The new COVID-19 coronavirus has spread to more than 100 countries — bringing social disruption, economic damage, sickness and death — largely because authorities in China, where it emerged, initially suppressed information about it. Yet China is now acting as if its decision not to limit exports of active pharmaceutical ingredients (APIs) and medical supplies — of which it is the dominant global supplier — was a principled and generous act worthy of the world’s gratitude.
When the first clinical evidence of a deadly new virus emerged in Wuhan, Chinese authorities failed to warn the public for weeks, and harassed, reprimanded and detained those who did.
This approach is no surprise: China has a long history of “killing” the messenger. Its leaders covered up SARS, another coronavirus, for more than a month after it emerged in 2002, and held the doctor who blew the whistle in military custody for 45 days. SARS ultimately affected more than 8,000 people in 26 countries.
Illustration: Mountain People
This time around, the Chinese Communist Party’s (CCP) proclivity for secrecy was reinforced by Chinese President Xi Jinping’s (習近平) eagerness to be perceived as an in-control strongman, backed by a fortified CCP.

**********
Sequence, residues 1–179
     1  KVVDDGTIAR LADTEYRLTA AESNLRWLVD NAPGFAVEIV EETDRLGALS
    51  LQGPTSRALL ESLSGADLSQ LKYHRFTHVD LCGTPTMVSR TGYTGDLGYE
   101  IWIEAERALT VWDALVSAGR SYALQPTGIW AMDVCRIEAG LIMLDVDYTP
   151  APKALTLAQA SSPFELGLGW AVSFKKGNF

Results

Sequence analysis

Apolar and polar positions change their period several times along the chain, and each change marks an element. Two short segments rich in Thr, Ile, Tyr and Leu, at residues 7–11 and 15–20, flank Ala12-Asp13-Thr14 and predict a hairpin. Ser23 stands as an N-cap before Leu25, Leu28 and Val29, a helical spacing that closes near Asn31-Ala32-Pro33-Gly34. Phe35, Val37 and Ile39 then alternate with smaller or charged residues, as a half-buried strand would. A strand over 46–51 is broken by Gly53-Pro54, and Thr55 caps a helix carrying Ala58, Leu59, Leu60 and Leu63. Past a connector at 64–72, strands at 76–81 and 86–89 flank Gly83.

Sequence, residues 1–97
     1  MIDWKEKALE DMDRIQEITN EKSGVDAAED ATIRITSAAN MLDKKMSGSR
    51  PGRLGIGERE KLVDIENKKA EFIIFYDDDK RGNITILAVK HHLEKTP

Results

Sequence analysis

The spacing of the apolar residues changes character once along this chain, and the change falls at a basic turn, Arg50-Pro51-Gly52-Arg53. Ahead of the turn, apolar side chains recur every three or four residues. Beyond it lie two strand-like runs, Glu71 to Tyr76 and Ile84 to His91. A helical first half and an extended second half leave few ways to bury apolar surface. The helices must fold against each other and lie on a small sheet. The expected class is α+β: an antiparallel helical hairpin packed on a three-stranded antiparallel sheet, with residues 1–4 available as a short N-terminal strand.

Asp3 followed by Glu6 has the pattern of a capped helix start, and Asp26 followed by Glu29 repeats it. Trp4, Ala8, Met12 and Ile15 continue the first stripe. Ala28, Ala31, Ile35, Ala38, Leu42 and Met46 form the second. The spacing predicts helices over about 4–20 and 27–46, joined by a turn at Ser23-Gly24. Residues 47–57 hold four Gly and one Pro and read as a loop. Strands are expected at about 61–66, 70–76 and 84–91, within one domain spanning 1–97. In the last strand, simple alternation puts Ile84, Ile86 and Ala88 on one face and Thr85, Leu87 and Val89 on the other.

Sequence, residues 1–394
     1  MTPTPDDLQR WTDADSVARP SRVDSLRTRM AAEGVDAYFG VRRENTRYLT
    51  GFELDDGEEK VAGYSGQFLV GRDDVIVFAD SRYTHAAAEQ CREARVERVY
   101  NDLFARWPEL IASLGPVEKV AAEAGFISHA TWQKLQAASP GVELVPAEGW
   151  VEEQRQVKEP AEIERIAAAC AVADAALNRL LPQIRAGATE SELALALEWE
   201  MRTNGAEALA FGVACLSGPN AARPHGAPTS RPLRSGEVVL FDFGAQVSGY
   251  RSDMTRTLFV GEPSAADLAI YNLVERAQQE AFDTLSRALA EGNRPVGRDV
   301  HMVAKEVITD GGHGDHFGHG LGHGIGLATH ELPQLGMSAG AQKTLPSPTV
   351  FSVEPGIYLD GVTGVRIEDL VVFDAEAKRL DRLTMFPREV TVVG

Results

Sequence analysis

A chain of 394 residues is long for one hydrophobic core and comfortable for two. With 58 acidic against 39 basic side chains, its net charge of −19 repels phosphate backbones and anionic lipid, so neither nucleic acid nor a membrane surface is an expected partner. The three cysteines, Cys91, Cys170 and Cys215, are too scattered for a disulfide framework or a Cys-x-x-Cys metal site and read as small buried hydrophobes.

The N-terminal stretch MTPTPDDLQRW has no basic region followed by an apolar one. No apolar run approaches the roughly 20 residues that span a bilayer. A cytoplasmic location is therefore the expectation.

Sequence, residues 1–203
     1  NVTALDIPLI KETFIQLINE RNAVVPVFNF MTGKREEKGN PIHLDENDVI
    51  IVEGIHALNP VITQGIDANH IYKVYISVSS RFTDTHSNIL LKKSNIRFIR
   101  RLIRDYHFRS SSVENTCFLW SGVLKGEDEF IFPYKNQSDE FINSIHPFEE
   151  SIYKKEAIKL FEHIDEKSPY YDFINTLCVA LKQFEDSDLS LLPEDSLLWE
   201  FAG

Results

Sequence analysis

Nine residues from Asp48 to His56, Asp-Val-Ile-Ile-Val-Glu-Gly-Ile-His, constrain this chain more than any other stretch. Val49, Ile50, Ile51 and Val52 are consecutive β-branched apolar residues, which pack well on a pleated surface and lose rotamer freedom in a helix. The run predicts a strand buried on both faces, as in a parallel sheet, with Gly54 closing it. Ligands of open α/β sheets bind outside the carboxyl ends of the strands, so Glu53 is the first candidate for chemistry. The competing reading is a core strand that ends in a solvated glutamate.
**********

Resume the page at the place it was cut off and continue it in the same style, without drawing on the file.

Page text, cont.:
However, as with the SARS epidemic, China’s leaders could keep it under wraps for only so long. Once Wuhan-linked COVID-19 cases were detected in Thailand and South Korea, they had little choice but to acknowledge the epidemic.
About two weeks after Xi rejected scientists’ recommendation to declare a state of emergency, the government announced heavy-handed containment measures, including putting millions in lockdown.
However, it was too late: Many thousands of Chinese were already infected with COVID-19 and the virus was rapidly spreading internationally.
US National Security Adviser Robert O’Brien has said that China’s initial cover-up “probably cost the world community two months to respond,” exacerbating the global outbreak.
Beyond the escalating global health emergency, which has already killed thousands, the pandemic has disrupted normal trade and travel, forced many school closures, roiled the international financial system and sunk global stock markets. With oil prices plunging, a global recession appears imminent.